LMS Principal Dr. Tiffany Taylor-Johnson and School Counselor Janey Worthington with laptops purchased by the LEF.
Photo credit: Brook Palanca

“Laptops for Learning” provides technology that enables students at Ladue Middle School (LMS) to access course materials from home, while giving parents/guardians a tool they can use to support their students’ school success. The idea for the grant was submitted by LMS Principal Dr. Tiffany Taylor-Johnson and LMS Counselor Ms. Janey Worthington. 
“It’s about providing equitable access to learning,” explains Dr. Taylor-Johnson. “With the push toward technology integration, we quickly discovered that all students do not have access to technology when at home. To compensate, many were staying after school and going to the library during lunch to utilize technology, which left them with little time to participate in school activities and socialize with peers at school.”

Diversity, Equity and Inclusion (DEI) is part of the Ladue School District's Strategic Plan and one of Ladue Middle School’s initiatives. The LEF supports the district's ongoing efforts to be responsive to the significant diversity of our school community as they continually review programs, activities and curricula to maintain an equitable and inclusive environment. The grant’s effectiveness has been increased by the oversight of the Ladue School District’s Director of Technology Rob Highfill and LMS Technology Specialist Karl Kindt. “Mr. Highfill made us aware that students need Wi-Fi access, not just the laptop, to succeed at home,” Dr. Taylor-Johnson explains. “Our Tech Specialist, Mr. Kindt, has been key in educating families and monitoring student use. We are starting to track data to help us determine the grant's impact. Parents, students, and staff have been extremely appreciative, as it's one more way to strengthen the home/school partnership."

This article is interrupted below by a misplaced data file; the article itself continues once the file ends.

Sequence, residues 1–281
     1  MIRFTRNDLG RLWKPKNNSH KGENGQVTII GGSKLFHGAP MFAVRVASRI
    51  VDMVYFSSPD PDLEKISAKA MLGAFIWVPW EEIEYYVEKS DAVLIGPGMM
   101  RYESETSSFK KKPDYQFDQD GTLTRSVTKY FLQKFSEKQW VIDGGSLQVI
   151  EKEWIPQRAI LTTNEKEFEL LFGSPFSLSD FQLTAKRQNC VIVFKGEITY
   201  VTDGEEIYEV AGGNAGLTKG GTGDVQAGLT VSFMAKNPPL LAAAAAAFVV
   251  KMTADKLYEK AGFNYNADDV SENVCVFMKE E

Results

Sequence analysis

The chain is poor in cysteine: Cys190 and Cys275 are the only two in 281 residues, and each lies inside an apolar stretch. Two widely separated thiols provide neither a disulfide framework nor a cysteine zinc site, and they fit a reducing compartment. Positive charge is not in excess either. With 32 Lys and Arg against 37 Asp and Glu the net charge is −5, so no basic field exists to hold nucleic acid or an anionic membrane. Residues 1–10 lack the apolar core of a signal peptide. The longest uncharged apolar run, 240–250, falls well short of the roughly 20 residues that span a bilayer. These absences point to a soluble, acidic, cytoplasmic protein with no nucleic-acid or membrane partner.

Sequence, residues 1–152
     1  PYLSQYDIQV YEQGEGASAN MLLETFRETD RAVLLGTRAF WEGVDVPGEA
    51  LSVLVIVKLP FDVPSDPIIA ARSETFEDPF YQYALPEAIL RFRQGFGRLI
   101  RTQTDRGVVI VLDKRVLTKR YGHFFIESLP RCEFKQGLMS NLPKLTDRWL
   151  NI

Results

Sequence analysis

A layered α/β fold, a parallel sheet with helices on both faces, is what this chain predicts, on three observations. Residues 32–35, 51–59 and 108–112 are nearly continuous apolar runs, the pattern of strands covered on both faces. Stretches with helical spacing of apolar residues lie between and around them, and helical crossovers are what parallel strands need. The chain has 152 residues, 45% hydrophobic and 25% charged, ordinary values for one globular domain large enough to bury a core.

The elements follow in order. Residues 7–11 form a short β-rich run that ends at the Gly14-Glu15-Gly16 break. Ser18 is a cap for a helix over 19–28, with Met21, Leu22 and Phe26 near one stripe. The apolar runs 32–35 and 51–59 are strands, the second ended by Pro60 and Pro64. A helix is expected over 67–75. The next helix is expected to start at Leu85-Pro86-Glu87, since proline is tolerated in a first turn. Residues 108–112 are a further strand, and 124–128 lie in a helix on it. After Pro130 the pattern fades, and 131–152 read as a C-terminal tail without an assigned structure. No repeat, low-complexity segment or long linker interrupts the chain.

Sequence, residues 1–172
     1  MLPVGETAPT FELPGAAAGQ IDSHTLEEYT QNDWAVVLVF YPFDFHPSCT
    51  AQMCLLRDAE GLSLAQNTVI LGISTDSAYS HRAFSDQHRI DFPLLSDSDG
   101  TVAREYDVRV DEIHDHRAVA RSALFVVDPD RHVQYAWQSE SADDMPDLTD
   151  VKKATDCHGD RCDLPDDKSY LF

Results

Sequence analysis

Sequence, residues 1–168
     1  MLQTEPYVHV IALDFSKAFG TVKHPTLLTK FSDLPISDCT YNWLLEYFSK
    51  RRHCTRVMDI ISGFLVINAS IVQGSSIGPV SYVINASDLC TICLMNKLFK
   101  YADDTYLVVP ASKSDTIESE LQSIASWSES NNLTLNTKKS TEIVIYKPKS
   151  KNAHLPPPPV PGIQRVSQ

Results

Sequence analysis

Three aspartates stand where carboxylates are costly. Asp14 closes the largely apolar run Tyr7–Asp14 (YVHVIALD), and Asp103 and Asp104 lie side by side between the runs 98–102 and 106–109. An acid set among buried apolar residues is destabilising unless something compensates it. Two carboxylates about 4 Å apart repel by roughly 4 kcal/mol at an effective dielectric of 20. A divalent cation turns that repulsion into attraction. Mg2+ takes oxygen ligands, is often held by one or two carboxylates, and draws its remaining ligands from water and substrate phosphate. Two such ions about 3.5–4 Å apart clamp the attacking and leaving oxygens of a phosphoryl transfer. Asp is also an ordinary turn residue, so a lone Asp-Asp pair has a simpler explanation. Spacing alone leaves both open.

There are currently 15 students making use of the laptops. “This grant allows us to demonstrate that we care about our students and will do all that it takes to facilitate learning and support students and families,” says Janey Worthington. Dr. Taylor-Johnson agrees. “The full impact of the grant is significant and can't be completely measured by data or grades. It can also be measured by how a person feels. Knowing that your school community cares and wants to provide what you need is critical to a student's success. This grant demonstrates that the principal, the teachers, the parents, the community are all in this together.”

For details about the more than 130 grants funded by the LEF, please visit our website.